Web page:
“This will be a time for us to review the entire Constabulary and take the opportunity to do things differently. We are working from a good position, as a strong police force with a history of performing extremely well, but we are already a low cost force, providing good value for money for our communities.
“Our change programme will result in a significant re-modelling of our organisation, its staffing levels and the way in which we conduct our business, so our latest plans necessarily have to involve reductions in officer and staff numbers.
“Working with our partners will be crucial as these plans progress. Our collaboration with Norfolk Police has been hugely successful and we remain committed to this partnership. We will now be looking for further collaborative opportunities within Suffolk, to find ways of sharing expertise and resources to keep our communities safe.”
Police and Crime Commissioner Tim Passmore said: “Police forces across the country are having to make difficult decisions as they endeavour to deliver an efficient and effective police service with less funding, Suffolk is no different.
“The Chief Constable has presented a range of options to plug the funding gap and I am reassured that we will be able to meet this financial challenge and continue to keep the county safe, but one thing is clear – Suffolk Constabulary will have to change. There will be fewer staff and fewer police officers in Suffolk; we just can’t afford to keep officer numbers at the current level.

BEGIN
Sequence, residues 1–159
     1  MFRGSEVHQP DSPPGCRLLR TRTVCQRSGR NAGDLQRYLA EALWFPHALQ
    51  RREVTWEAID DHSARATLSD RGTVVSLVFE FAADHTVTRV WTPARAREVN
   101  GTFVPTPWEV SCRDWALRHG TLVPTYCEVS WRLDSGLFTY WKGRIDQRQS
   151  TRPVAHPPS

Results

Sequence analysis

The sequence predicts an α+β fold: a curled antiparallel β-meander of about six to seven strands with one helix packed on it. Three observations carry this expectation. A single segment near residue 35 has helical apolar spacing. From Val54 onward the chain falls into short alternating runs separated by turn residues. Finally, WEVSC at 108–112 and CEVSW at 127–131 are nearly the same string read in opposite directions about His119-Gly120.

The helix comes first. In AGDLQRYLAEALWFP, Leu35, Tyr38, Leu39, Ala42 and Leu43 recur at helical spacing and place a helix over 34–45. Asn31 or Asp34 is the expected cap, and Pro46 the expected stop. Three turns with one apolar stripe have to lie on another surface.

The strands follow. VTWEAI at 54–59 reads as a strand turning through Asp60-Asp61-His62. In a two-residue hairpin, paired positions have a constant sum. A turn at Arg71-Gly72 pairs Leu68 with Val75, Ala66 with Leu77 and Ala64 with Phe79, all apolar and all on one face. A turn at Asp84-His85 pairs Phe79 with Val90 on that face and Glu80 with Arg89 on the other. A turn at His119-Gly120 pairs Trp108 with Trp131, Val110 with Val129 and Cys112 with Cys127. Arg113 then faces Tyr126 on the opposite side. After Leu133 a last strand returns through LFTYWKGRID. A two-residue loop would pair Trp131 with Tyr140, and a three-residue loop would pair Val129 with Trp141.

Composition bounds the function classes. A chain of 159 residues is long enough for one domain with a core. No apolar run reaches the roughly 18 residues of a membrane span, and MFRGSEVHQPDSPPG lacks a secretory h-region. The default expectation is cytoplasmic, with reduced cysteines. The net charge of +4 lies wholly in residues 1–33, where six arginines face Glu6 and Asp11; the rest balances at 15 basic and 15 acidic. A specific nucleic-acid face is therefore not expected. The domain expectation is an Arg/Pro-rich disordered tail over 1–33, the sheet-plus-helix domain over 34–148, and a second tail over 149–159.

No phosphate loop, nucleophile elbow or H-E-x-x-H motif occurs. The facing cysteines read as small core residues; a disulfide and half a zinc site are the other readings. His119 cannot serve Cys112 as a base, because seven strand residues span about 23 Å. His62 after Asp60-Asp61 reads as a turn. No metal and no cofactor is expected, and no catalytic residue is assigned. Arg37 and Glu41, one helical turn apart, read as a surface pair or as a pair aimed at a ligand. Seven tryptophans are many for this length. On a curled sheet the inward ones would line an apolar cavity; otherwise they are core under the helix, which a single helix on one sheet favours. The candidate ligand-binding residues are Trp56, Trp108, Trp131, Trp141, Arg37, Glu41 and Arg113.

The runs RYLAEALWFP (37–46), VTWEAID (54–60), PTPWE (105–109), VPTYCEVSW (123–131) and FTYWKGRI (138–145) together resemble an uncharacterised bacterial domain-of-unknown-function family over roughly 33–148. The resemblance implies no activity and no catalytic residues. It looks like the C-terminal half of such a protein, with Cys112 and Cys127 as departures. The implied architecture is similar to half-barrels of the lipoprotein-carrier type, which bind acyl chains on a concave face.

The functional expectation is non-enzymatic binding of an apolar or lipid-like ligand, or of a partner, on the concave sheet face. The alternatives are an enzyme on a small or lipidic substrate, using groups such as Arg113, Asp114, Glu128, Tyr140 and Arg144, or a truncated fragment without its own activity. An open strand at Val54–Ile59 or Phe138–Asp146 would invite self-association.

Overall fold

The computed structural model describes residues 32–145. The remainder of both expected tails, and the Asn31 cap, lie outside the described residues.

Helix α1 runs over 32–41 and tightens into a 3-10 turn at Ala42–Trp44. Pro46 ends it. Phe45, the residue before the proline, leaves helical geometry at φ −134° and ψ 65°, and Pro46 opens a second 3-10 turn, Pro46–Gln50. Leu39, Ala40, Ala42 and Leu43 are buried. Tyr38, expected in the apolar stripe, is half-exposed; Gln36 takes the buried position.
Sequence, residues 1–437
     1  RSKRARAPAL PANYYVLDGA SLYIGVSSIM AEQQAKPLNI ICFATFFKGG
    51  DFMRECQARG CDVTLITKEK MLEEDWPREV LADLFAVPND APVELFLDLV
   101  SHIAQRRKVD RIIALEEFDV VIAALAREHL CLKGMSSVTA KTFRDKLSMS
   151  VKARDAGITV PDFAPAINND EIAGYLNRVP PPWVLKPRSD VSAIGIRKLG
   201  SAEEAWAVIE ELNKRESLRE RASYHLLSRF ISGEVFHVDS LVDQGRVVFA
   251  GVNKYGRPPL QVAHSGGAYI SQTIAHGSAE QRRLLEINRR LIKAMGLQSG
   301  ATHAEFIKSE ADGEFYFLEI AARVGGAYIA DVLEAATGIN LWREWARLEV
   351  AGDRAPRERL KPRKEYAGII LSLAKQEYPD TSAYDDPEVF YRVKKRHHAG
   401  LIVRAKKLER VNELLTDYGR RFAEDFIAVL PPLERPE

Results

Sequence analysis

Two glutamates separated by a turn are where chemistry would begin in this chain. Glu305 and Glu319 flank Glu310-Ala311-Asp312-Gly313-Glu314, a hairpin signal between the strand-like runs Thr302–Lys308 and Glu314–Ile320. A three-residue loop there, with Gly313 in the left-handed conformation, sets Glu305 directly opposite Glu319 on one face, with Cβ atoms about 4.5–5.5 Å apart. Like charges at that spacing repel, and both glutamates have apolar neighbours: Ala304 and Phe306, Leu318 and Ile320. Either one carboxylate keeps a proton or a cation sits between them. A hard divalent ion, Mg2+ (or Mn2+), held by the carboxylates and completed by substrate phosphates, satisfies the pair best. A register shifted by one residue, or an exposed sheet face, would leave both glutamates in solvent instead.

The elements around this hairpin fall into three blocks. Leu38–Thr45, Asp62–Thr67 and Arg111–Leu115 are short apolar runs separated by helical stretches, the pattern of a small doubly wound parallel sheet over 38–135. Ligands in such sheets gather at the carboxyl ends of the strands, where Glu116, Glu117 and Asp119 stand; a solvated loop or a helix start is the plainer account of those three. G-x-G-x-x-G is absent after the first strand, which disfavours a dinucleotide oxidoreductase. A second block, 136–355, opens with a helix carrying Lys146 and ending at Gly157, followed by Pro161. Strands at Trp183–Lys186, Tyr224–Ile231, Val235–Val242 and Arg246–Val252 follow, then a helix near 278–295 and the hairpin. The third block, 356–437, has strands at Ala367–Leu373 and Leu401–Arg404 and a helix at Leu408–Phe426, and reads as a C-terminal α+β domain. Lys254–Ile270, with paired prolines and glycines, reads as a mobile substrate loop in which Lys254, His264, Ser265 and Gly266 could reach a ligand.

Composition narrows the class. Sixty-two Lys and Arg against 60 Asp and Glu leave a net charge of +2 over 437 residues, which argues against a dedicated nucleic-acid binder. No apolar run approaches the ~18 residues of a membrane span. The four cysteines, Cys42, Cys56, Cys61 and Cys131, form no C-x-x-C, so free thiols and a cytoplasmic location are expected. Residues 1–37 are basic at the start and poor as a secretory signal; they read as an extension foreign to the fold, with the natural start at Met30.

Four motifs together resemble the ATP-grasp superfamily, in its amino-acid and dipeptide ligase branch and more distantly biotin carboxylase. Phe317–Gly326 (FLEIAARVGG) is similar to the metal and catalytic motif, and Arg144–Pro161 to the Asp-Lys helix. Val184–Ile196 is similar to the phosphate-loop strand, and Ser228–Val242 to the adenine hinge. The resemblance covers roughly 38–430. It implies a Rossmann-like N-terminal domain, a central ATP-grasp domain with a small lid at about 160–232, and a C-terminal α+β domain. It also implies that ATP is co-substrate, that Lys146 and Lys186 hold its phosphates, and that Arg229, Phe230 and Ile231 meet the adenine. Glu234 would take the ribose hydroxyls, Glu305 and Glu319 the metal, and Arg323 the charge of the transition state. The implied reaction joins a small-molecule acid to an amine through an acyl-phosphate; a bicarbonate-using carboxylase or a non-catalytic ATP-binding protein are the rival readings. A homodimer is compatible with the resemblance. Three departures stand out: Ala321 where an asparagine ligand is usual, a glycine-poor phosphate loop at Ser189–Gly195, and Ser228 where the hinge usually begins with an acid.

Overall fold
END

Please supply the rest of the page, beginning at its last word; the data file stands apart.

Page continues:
“The reduction in police officer numbers will be met though natural turnover combined with the on-going recruitment freeze. Although there will be fewer officers overall, local policing will continue to be built on the foundations of safer neighbourhood policing, which is the cornerstone of how we do business.
“I am confident we can create efficiencies. We have made a good start on pooling public sector resources in Suffolk, especially in our estate. There is considerable scope to expand this work and in other areas such as public access, community safety and blue light integration.”
Full detail of the plan is available here.